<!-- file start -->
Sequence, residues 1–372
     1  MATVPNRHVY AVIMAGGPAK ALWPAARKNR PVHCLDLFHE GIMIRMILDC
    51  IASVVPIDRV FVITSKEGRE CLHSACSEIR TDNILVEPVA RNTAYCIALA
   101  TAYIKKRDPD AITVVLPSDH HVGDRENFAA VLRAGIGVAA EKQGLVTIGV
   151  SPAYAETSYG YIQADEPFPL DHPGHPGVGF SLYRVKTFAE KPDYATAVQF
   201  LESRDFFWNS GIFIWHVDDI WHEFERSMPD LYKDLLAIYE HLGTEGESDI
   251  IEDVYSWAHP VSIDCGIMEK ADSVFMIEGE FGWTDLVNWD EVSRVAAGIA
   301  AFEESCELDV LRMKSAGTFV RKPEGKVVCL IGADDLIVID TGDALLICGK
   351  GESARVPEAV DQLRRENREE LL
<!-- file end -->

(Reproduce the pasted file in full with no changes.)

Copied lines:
Sequence, residues 1–372
     1  MATVPNRHVY AVIMAGGPAK ALWPAARKNR PVHCLDLFHE GIMIRMILDC
    51  IASVVPIDRV FVITSKEGRE CLHSACSEIR TDNILVEPVA RNTAYCIALA
   101  TAYIKKRDPD AITVVLPSDH HVGDRENFAA VLRAGIGVAA EKQGLVTIGV
   151  SPAYAETSYG YIQADEPFPL DHPGHPGVGF SLYRVKTFAE KPDYATAVQF
   201  LESRDFFWNS GIFIWHVDDI WHEFERSMPD LYKDLLAIYE HLGTEGESDI
   251  IEDVYSWAHP VSIDCGIMEK ADSVFMIEGE FGWTDLVNWD EVSRVAAGIA
   301  AFEESCELDV LRMKSAGTFV RKPEGKVVCL IGADDLIVID TGDALLICGK
   351  GESARVPEAV DQLRRENREE LL